Hormones can trigger many different changes in the body. Different life phases cause the hormones to go haywire, which is why teens get acne, pregnant women get morning sickness, and menopausal women get hot flashes. However, most people experiencing changes in hormone levels aren’t too worried about their teeth. Unfortunately, since hormones affect every part of the body, changes can cause problems with oral health, as well. But do hormone changes actually cause gum disease? Let’s take a look.
What is Periodontal Disease?
Periodontal disease is often known as gum disease. It’s caused by bacteria from plaque opening up deepening pockets next to the teeth, which makes it difficult to clean out plaque and calculus. Over time, this causes bleeding gums, loose teeth, and worse. In a healthy mouth, “good” bacteria (the biofilm) help to protect the gums from harmful organisms. However, when the biofilm is exposed to excessive harmful bacteria, it responds by creating pathogens that cause inflammation and only make gum disease worse. So how do hormones affect this disease?
The Effects of Hormones on Gum Disease
Hormonal changes don’t directly cause gum disease, but they can be one factor in periodontal disease. Changes in the hormones (particularly estrogen and progesterone) affect the gums by changing the blood flow to the gums and affecting the way tissues respond to plaque in the mouth, causing irritation and often bleeding during brushing and flossing. Hormonal influences on gum health tend to affect women more often than men, since women go through more hormone changes throughout life. While increased risk for gum disease tends to occur most often during pregnancy and menopause, many women experience symptoms during puberty and right before a monthly menstrual cycle. Even women who take birth control can notice more irritation and inflammation in the gums.
The Dangers of Periodontal Disease
Gum disease presents as inflammation and is considered a chronic infection. People suffering from periodontal disease are at risk for more than just swollen, painful gums and loose teeth. The bacteria causing gum disease can easily enter the bloodstream through bleeding gums, introducing an increased risk for a wide range of health problems, including heart disease, diabetes, and even Alzheimer’s. Gingivitis is the first sign of gum disease, but it should not be ignored as it can easily worsen and turn into periodontal disease.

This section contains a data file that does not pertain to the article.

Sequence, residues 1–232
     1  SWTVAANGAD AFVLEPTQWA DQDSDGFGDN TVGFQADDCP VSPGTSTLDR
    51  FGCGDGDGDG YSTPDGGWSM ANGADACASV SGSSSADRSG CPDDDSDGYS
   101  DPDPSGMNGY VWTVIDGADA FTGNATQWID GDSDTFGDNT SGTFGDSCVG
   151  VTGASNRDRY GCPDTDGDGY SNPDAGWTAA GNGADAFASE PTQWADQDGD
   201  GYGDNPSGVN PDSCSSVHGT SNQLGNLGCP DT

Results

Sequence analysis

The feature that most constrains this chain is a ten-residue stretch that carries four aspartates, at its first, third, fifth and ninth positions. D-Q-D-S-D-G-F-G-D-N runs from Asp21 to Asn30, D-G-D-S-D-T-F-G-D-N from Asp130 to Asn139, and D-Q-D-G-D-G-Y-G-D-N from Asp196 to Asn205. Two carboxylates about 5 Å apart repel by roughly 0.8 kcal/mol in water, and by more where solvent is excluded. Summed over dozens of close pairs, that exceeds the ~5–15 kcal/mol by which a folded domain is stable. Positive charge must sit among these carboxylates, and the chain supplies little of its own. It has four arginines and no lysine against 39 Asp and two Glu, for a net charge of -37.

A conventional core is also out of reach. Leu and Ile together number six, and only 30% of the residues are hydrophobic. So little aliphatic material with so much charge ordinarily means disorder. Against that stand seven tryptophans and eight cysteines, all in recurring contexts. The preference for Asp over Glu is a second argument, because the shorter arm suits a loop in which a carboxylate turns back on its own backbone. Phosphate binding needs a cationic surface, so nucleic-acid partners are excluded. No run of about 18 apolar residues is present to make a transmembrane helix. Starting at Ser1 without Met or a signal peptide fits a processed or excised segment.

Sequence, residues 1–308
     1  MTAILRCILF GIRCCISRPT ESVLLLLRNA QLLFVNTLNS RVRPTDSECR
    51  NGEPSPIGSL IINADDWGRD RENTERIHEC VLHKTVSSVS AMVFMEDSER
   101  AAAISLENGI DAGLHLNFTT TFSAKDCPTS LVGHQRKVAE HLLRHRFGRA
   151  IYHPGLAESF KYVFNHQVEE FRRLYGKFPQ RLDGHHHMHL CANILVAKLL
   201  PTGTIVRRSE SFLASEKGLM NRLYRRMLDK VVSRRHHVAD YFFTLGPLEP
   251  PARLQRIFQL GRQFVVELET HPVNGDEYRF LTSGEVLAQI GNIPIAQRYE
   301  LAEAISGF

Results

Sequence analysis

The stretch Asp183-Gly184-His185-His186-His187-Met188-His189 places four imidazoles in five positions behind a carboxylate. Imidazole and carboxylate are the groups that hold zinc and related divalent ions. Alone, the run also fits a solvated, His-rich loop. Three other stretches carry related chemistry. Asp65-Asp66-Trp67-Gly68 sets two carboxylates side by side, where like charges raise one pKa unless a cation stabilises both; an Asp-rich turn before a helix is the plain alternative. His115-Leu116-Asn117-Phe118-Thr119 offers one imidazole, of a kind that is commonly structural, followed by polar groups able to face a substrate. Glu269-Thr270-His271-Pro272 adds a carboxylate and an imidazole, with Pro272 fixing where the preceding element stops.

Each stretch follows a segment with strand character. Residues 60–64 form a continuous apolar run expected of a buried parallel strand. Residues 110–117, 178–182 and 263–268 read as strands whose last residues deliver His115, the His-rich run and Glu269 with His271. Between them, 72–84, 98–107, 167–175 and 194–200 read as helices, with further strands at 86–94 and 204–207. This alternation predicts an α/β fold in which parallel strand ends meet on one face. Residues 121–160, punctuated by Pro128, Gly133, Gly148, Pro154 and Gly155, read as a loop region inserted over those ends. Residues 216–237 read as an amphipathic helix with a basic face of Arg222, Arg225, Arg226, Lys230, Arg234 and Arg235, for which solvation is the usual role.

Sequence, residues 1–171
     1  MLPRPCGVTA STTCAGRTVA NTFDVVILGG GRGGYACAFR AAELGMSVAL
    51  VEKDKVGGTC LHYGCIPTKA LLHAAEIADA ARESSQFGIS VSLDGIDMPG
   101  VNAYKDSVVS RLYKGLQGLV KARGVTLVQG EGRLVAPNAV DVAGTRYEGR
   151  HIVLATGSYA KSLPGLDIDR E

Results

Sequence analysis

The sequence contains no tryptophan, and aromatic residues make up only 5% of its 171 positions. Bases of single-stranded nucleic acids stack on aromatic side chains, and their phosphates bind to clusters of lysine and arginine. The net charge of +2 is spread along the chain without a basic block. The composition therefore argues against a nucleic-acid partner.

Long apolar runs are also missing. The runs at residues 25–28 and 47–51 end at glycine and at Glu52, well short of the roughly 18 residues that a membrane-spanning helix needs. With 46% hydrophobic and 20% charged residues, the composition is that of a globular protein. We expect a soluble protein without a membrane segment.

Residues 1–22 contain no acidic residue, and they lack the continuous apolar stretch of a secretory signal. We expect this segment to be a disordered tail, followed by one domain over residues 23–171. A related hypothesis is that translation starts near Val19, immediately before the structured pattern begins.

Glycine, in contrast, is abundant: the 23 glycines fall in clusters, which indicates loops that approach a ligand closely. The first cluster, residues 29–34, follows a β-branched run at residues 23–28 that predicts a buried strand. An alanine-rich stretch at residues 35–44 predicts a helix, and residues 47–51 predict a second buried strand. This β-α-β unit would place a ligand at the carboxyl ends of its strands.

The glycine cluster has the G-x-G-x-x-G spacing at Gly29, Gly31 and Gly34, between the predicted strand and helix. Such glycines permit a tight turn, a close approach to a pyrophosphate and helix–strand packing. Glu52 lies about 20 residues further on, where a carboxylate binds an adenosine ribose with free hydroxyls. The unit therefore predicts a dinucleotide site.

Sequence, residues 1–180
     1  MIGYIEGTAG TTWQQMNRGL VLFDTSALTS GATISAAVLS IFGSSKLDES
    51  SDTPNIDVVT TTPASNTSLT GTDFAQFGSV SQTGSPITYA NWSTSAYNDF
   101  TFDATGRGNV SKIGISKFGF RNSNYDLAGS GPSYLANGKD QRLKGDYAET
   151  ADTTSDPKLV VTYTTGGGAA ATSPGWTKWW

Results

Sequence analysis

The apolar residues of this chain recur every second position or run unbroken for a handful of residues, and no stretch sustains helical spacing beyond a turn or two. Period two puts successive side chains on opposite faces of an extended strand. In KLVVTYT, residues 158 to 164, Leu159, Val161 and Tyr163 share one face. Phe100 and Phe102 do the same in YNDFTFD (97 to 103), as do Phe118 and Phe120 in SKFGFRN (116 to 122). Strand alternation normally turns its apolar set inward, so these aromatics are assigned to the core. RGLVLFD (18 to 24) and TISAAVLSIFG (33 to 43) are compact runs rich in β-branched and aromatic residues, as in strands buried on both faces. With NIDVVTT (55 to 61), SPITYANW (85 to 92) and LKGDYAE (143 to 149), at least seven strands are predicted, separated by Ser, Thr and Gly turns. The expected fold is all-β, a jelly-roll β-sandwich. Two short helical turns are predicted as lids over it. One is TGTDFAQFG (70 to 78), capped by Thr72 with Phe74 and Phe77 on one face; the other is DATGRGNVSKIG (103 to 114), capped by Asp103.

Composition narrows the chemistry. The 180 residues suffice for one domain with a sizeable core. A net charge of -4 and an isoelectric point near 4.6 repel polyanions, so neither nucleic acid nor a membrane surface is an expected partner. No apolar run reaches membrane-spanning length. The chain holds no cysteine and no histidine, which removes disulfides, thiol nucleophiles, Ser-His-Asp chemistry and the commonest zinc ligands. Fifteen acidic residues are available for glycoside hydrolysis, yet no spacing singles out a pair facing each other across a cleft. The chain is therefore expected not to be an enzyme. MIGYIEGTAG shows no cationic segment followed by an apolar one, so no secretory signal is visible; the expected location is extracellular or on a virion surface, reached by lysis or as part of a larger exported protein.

Preventing Periodontal Disease
People going through hormonal changes or hormone treatments need to be particularly careful when it comes to oral health. Women who are pregnant, menopausal, or on hormonal birth control should pay special attention to brushing and flossing regularly and schedule regular dental cleanings to monitor for periodontal disease. During pregnancy, some experts suggest visiting the dentist every three months if possible, to help reduce the possibility of developing gum disease. Rinsing the mouth with baking soda can help remove some acids that contribute to gum issues, and women should ask their dentists for specific tips to help prevent issues during pregnancy or menopause.
Worried? Talk to an Expert
If you think you might be seeing early signs of periodontal disease, it’s important to schedule an appointment with your dentist. If caught early, it’s much easier to treat than if the disease is allowed to become more advanced. Regular cleanings and exams will help keep gum disease in check, so even if you’re not worried about periodontal issues, it’s important to stay proactive—sometimes gum disease doesn’t produce many symptoms in the beginning.
Need an expert in gum health? Drs. Gallardo in Miami are renowned for their knowledge and expertise in treating periodontal disease. To learn more or to schedule an appointment, call 305-547-8687 today.